Mr. Sutcliffe: In the five-year period from 1 April 2001 to 31 March 2006, a total of 53 applications for compensation for miscarriages of justice were approved under the discretionary scheme. Of these, 40 were approved on the basis of serious default by a public authority, five on the basis of complete exoneration, four on the basis of judicial error, and four on the basis of other exceptional circumstances.
Mr. Sutcliffe: A number of interventions are made in custody and the community to support the rehabilitation of offenders. These include offending behaviour programmes, drug treatment, unpaid work and education and employment. There is robust evidence, originating mainly from north America, to support the effectiveness of offending behaviour programmes in reducing re-offending; the UK research is more limited and mixed. The evaluations to date of drug treatment programmes also suggest that these programmes can reduce re-offending. There is some evidence of employment schemes helping to secure employment for ex-prisoners and of basic skills training improving prisoners' skills. However, evidence on the extent to which improvements in these skills can lead to reductions in re-offending is still limited (Harper & Chitty, 2005). The current Home Office research programme includes further research on the effectiveness of a wide range of interventions aimed at reducing re-offending.
Dr. Kumar: To ask the Secretary of State for the Home Department what estimate he has made of the number of offenders serving custodial sentences who re-offend within (a) one, (b) two and (c) three years of serving their sentence. 
Mr. Sutcliffe: The most recent information on the re-offending of adults in England and Wales was published in December as Adult re-offending: results from the 2002 cohort. Home Office Statistical Bulletin 25/05. The report is available on line at http://www.homeoffice.gov.uk/rds/pdfs05/hosb2505.pdf and covers offenders starting community sentences or being discharged from prison in the first quarter of 2002. Table A5 provides information which can be used to calculate the number of offenders who re-offended within two years. Re-offending rates have not been calculated on a one and three-year basis for offenders released from prison.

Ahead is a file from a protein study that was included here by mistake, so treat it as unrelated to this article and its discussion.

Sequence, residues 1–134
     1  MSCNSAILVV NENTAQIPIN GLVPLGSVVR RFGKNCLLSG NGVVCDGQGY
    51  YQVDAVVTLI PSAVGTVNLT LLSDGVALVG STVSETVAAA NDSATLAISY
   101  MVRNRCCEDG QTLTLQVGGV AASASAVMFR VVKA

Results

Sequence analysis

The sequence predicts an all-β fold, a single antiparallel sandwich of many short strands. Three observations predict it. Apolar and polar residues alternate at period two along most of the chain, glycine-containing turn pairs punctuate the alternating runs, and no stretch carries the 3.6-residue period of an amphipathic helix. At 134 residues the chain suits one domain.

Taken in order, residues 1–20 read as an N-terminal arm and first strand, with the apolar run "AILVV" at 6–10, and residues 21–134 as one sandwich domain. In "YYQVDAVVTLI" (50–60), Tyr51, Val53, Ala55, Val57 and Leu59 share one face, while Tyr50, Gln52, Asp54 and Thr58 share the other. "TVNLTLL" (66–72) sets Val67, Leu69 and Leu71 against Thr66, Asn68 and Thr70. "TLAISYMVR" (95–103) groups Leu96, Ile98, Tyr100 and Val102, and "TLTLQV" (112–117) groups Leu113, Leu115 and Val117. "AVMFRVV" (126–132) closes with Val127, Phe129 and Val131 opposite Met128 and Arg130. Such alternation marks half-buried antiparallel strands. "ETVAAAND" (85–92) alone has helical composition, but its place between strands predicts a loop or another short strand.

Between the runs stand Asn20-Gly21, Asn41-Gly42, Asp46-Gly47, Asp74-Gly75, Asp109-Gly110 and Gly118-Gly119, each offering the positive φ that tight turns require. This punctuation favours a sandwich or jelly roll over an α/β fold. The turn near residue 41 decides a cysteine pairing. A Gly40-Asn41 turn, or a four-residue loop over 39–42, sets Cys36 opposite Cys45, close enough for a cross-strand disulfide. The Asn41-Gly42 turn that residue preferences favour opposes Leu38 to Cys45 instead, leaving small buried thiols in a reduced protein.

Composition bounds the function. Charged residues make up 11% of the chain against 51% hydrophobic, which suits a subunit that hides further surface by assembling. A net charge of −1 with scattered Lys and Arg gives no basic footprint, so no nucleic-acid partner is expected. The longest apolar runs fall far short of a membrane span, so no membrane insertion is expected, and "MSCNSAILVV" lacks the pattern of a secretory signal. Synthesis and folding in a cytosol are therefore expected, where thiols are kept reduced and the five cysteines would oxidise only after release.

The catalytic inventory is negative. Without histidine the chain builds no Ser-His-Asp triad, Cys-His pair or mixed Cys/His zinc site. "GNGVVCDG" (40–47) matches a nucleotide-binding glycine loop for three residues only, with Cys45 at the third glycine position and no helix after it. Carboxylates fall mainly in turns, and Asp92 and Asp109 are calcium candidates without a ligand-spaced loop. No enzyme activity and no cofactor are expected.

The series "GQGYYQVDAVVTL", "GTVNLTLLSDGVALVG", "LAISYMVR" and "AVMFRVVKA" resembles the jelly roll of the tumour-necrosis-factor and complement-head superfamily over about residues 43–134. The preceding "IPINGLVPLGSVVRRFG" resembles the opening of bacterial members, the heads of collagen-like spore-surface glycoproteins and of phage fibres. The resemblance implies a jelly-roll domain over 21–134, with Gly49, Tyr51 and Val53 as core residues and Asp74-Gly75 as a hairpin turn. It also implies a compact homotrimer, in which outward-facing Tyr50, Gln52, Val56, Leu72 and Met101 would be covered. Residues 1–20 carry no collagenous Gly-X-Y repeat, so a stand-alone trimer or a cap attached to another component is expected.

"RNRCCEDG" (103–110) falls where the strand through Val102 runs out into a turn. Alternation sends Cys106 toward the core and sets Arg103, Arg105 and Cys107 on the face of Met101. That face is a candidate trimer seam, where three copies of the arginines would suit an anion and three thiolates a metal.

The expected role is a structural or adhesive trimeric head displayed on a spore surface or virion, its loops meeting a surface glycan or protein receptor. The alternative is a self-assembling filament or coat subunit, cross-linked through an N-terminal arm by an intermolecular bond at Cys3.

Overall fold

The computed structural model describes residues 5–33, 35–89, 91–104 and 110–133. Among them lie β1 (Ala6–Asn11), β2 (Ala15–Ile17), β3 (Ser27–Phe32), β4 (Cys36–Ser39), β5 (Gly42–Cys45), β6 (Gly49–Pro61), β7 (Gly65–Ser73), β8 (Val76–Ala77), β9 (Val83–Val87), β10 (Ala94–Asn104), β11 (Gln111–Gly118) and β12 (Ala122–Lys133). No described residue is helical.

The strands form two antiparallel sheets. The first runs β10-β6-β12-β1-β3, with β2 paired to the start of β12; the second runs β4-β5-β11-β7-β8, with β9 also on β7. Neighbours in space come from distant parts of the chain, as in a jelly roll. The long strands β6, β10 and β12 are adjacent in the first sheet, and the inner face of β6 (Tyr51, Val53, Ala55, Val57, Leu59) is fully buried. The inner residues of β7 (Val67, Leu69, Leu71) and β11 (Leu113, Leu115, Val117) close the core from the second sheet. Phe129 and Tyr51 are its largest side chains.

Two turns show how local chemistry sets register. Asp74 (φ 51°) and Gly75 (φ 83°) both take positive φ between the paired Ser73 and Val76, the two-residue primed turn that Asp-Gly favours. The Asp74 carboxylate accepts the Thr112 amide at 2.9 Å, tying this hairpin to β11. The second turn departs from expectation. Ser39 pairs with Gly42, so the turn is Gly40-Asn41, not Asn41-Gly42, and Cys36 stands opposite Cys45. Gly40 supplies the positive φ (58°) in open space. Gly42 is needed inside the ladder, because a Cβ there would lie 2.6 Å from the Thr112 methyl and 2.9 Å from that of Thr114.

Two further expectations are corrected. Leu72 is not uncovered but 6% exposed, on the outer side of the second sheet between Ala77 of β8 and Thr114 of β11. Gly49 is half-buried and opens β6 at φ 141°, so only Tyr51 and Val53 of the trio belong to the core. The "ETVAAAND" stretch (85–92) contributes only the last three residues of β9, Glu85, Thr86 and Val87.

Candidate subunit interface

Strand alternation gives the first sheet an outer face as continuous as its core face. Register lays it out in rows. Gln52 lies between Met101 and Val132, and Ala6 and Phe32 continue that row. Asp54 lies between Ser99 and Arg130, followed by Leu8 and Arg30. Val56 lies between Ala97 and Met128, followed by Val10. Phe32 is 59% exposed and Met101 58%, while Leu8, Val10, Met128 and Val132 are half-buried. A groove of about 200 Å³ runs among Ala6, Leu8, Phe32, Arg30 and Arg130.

David Davis: To ask the Secretary of State for the Home Department (1) what guidance he has issued to the probation service in the last 12 months on whether offenders on licence should be granted permission to travel abroad; 
(2) what changes have been made in the last 12 months to regulations governing whether offenders under the supervision of the probation service may travel abroad; and if he will make a statement. 
Mr. Sutcliffe: Probation circular 4/2006 sets out the revised policy in respect of determinate sentence prisoners who request permission to temporary travel abroad. A copy of the circular is available in the Library of the House. The circular requires the probation service to consider all applications to travel on their individual merits, and stipulates that such requests should not be granted if there are any concerns on grounds of risk. Permission should be granted only in the most exceptional circumstances and where the prisoner has demonstrated that the need to travel is so pressing that it must be given priority over the statutory aims of supervision.
Mrs. Spelman: To ask the Secretary of State for the Home Department what plans the Government have to sell or rent the empty official residence at Belgravia House; and what the estimated (a) capital and (b) rental value is. 
Mr. Steen: To ask the Secretary of State for the Home Department how many under 18-year-olds have been identified in recent raids by Operation Pentameter; and how many of these have been subsequently referred to the Poppy Project. 
Mr. Coaker [holding answer 21 June 2006]: Operation Pentameter rescued 12 minors aged between 14 and 17. None of these minors was referred to the Poppy Project as victims have to be over 18 to meet the criteria for the project. Three of the minors have been repatriated and the remaining nine are in the care of social services.
Mr. Bellingham: To ask the Secretary of State for the Home Department pursuant to the answer of 8 June 2006, Official Report, column 815W, on opiate products, what assessment he has made of whether the Republic of Ireland's interpretation of the United Nations Single Convention on Narcotics of 1961 would permit the importation of oxycodone hydrochloride raw material from (a) the United States and (b) the European Union.